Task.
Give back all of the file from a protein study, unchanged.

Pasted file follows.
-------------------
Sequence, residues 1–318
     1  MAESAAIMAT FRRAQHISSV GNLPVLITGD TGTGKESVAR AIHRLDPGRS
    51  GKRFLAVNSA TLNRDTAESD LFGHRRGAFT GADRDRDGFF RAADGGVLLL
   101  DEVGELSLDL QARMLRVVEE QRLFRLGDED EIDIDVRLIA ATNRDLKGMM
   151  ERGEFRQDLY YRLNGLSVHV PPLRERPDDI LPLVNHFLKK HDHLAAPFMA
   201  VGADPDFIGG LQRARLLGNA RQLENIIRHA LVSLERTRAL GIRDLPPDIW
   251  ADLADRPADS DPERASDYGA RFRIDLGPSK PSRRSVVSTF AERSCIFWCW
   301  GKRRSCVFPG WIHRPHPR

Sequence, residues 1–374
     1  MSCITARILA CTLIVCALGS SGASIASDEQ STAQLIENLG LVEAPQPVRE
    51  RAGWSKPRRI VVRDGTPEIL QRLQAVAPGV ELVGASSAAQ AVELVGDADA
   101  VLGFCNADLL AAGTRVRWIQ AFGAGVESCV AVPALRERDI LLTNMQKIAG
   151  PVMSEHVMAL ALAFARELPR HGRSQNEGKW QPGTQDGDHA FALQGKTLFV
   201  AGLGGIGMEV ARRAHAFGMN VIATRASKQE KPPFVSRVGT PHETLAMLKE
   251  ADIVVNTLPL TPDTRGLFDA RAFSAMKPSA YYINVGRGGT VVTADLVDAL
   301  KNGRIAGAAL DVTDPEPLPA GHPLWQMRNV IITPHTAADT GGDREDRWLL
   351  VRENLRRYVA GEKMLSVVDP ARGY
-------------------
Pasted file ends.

Sequence, residues 1–318
     1  MAESAAIMAT FRRAQHISSV GNLPVLITGD TGTGKESVAR AIHRLDPGRS
    51  GKRFLAVNSA TLNRDTAESD LFGHRRGAFT GADRDRDGFF RAADGGVLLL
   101  DEVGELSLDL QARMLRVVEE QRLFRLGDED EIDIDVRLIA ATNRDLKGMM
   151  ERGEFRQDLY YRLNGLSVHV PPLRERPDDI LPLVNHFLKK HDHLAAPFMA
   201  VGADPDFIGG LQRARLLGNA RQLENIIRHA LVSLERTRAL GIRDLPPDIW
   251  ADLADRPADS DPERASDYGA RFRIDLGPSK PSRRSVVSTF AERSCIFWCW
   301  GKRRSCVFPG WIHRPHPR

Sequence, residues 1–374
     1  MSCITARILA CTLIVCALGS SGASIASDEQ STAQLIENLG LVEAPQPVRE
    51  RAGWSKPRRI VVRDGTPEIL QRLQAVAPGV ELVGASSAAQ AVELVGDADA
   101  VLGFCNADLL AAGTRVRWIQ AFGAGVESCV AVPALRERDI LLTNMQKIAG
   151  PVMSEHVMAL ALAFARELPR HGRSQNEGKW QPGTQDGDHA FALQGKTLFV
   201  AGLGGIGMEV ARRAHAFGMN VIATRASKQE KPPFVSRVGT PHETLAMLKE
   251  ADIVVNTLPL TPDTRGLFDA RAFSAMKPSA YYINVGRGGT VVTADLVDAL
   301  KNGRIAGAAL DVTDPEPLPA GHPLWQMRNV IITPHTAADT GGDREDRWLL
   351  VRENLRRYVA GEKMLSVVDP ARGY